• SECURITY AND GOVERNANCE. Governance is critical to data warehouse maturity. How easy to understand is the company’s data governance strategy in support of the data warehouse? Are policies and processes in place, e.g., for data access? Are data quality processes deployed and measured? Are there preferred standards in place? Is tooling in place to support governance? How does the organization secure the data in the warehouse and across warehouse platforms?
Modern-Data-Warehousing-Maturity-Model
Figure 1. TDWI Modern Data Warehouse Maturity Model framework.

The Modern Data Warehouse Maturity Model consists of four stages plus an inflection point where the data warehouse becomes more modern (see Figure 2).

The four stages of maturity for a modern data warehouse
Figure 2. The four stages of maturity for a modern data warehouse.

Data Warehouse Modernization Overview

Data warehouse platforms are constantly evolving. Almost 10 years ago, TDWI wrote about what we called “generational changes” that adapt the resulting data warehouse to changing business and technology requirements.

Back then, a majority of respondents to our surveys were using a centralized enterprise data warehouse. The reality is that many of the traditional, older warehouse environments cannot meet the requirements (e.g., iterative analytics with good performance) for sophisticated analysis of real-time data at scale. As organizations move from batch to real-time, from reporting to advanced analytics, they are extending their platforms to become more responsive to business needs.

Today, many organizations are implementing what TDWI terms a multiplatform modern data architecture to cope with changes in data and analytics. These multiplatform environments include both on-premises and cloud deployments. Our research shows that the cloud is a major growth area for data warehouse modernization; organizations are looking to move all or part of their warehouses to the cloud as well as other platforms, which form the extended warehouse environment. This evolving environment supports diverse data as well as advanced and real-time analytics. These two big capabilities are described below.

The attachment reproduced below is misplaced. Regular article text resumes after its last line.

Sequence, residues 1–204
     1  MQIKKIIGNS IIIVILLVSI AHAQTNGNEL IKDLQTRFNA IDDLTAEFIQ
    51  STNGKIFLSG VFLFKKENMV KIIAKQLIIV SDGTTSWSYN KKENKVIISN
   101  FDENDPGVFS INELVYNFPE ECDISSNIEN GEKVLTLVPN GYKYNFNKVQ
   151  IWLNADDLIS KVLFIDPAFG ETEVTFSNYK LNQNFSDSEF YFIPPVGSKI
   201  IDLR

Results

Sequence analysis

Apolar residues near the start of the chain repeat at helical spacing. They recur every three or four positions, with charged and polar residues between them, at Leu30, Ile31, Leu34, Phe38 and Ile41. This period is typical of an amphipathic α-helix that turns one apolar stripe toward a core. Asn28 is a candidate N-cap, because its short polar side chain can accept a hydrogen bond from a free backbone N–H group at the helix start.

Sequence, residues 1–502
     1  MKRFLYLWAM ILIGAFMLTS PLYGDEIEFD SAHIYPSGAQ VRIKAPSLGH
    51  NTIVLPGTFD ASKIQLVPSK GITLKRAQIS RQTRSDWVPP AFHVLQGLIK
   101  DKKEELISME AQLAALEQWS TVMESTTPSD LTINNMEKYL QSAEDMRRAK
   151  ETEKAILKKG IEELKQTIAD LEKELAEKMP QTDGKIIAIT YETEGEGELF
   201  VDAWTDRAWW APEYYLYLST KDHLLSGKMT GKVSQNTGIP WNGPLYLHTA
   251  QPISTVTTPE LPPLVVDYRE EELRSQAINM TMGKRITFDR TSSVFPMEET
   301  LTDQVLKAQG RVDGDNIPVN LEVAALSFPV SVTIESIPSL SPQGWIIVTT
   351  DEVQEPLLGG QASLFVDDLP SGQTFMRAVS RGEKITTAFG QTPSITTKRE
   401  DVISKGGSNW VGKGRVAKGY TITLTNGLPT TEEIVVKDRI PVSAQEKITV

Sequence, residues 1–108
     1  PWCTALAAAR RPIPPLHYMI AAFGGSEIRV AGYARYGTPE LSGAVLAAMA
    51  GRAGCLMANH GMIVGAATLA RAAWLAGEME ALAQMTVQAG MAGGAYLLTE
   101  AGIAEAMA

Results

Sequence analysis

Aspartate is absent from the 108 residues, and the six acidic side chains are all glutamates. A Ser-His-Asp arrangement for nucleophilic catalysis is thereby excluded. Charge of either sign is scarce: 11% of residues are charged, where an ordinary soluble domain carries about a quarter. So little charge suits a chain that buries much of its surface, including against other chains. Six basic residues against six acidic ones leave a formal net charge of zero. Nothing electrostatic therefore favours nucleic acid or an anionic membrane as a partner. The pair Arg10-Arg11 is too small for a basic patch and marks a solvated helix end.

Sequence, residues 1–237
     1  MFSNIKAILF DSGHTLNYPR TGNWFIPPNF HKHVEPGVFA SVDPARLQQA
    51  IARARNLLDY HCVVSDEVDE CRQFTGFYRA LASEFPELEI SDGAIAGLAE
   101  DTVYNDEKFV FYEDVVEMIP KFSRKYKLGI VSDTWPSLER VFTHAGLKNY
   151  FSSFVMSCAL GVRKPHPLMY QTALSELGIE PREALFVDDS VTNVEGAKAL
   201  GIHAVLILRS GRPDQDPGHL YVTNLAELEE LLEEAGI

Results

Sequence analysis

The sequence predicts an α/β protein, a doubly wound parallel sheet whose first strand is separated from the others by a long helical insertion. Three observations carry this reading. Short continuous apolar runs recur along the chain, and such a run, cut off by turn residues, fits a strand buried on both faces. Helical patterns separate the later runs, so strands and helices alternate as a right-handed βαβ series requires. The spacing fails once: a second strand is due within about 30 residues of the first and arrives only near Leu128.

Support for Diverse Data

Although many organizations are still dealing with structured data in their data warehouse, TDWI research indicates that companies have increasing interest in disparate kinds of data. This includes text data, images, streaming data, geospatial data, and machine-generated data—to name a few.

This data comes from both internal and external sources and is becoming more critical for driving business value. For instance, many organizations are looking to analyze sensor data for predictive maintenance. They are collecting data about customers, including social media data, to better understand the customer experience and improve customer experience. The current warehouse environment may not be able to support this variety of data.

Likewise, organizations want to make decisions using a holistic view of data from both internal and external sources. That means users want a unified view of potentially distributed data. They want the data to be current, which means that the warehouse environment needs to refresh potentially large amounts of data in real time or near real time. This might involve continuous ingestion, which is quite fast and frequent compared to batch loads.

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Modern Data Warehousing Maturity Model Guide